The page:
sbmfj is offline   Reply With Quote
Old 09-13-2011, 07:07 PM   #15
Member
 
Join Date: Oct 2009
Location: Montreal
Posts: 154
Rewards Points: 150
Default

Door & Window replacement question


Hello again,

So ordered and received my door, and began the install the other day. Started by the old door removal, and found a little surprise, something I had totally unaccounted for...I thought my side jambs/frame was one solid peice of wood, but not, there's about a 4.5" long, and 2" high piece of concrete. Its like a concrete 2x4 (4.5 actually) in between both pieces of wood. Kinda like this ___[__]___ and here's a few photo's to illustrate my dilemma. Its on both sides of the door frame, and above as well.

Here's the door area..


Here's that piece of concrete in between the 2x4's. Notice that the wood is a little discolored so it kinda looks like 2 pieces but it's really one...

closer view


So, I figure I have a few options in order to make this fit. I'd like your help/opinion to figure out what you think may be my best course of action.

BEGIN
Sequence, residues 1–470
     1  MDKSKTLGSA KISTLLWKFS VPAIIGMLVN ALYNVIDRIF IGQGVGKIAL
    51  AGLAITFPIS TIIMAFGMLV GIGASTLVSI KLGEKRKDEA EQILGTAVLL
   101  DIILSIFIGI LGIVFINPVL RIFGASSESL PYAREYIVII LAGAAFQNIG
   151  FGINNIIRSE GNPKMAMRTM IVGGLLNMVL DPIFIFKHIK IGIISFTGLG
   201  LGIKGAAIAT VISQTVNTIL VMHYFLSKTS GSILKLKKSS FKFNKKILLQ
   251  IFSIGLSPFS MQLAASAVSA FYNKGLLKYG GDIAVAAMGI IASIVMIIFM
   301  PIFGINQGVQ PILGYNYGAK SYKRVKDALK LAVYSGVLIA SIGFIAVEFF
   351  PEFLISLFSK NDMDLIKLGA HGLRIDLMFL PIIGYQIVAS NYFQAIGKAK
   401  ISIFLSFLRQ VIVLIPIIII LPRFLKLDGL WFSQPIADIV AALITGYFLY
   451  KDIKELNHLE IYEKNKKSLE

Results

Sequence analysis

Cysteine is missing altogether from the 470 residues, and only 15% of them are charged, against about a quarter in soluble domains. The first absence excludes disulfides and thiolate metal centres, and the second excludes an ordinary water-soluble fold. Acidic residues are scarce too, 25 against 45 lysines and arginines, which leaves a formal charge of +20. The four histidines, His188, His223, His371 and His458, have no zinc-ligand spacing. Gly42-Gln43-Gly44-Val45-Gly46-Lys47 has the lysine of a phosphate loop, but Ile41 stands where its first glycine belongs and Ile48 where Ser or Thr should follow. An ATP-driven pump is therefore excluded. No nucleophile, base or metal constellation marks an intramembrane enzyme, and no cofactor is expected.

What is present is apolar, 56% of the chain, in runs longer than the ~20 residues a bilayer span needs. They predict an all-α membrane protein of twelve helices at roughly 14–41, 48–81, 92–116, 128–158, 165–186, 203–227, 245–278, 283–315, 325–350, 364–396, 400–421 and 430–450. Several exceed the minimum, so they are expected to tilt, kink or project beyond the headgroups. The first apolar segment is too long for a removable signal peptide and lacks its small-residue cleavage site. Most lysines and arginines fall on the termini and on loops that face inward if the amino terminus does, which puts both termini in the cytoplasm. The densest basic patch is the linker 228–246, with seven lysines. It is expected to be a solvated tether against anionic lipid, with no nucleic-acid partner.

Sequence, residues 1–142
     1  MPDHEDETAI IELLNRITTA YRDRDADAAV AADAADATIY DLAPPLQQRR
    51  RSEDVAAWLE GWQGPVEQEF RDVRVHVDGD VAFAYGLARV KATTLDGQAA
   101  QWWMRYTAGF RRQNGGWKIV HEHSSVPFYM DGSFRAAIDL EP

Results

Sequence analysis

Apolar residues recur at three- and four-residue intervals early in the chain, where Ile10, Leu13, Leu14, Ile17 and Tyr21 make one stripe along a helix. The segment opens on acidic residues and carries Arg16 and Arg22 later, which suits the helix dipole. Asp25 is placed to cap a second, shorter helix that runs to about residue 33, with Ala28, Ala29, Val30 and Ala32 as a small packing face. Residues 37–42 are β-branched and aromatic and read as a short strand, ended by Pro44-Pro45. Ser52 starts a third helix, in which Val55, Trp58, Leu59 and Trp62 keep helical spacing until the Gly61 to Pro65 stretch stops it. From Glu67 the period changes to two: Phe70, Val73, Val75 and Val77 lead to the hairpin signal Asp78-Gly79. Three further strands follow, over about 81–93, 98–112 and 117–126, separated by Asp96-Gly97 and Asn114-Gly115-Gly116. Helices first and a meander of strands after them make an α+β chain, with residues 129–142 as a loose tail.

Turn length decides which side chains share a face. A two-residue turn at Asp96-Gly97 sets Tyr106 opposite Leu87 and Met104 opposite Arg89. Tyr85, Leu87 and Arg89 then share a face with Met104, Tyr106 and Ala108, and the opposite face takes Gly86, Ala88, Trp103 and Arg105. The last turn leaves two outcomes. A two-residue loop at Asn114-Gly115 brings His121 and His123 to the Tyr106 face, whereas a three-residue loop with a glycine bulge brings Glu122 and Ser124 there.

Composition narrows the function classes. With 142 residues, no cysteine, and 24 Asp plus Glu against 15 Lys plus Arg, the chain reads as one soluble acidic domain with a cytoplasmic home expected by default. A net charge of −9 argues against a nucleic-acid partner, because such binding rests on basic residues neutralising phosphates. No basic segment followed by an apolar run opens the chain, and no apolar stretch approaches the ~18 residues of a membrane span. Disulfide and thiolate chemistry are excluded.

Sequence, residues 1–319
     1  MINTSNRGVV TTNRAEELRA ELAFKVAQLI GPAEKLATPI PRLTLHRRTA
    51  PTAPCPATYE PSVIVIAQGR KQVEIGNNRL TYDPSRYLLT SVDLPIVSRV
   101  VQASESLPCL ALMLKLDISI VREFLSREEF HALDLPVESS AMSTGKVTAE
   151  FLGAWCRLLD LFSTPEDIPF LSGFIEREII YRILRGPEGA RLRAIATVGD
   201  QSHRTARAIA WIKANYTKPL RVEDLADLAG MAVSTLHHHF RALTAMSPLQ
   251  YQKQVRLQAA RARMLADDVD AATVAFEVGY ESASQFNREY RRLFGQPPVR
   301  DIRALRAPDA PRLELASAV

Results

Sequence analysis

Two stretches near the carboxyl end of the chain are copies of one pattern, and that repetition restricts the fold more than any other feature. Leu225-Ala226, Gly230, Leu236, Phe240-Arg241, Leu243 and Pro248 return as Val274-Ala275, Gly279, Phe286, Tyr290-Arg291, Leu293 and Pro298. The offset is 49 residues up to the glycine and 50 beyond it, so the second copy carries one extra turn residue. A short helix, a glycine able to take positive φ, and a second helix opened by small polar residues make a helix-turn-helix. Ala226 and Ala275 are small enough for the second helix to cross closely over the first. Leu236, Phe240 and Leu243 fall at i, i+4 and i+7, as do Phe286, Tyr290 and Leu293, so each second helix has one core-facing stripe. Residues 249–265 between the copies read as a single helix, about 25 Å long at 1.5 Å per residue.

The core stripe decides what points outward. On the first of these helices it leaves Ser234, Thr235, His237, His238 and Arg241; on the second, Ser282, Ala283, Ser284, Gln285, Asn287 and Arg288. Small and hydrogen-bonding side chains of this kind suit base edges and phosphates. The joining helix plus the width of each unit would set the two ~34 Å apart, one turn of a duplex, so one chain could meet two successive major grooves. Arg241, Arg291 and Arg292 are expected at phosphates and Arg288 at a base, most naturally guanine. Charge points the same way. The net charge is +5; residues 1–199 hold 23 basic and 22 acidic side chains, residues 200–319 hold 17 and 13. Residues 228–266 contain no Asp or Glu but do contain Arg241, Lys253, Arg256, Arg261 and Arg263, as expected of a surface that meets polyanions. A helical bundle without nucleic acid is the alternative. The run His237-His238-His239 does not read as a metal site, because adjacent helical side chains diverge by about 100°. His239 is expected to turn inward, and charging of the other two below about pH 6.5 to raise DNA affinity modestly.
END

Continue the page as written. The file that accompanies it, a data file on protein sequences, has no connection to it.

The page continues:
Here's a pic of my new door so you can have an idea of what I'm working with.


Option 1 - Cut the concrete back all the way around. A friend suggested using a grinder with a cement disk, make a bunch of slices and chip it out with a cement chisel. Or, try using a reciprocating saw with a diamond cement blade. I figure the saw would probably result in a nicer finish, and might be less stressful to the cement (which is a foundation btw) due to the lack of impacts from the chiseling to break out the slices of cement.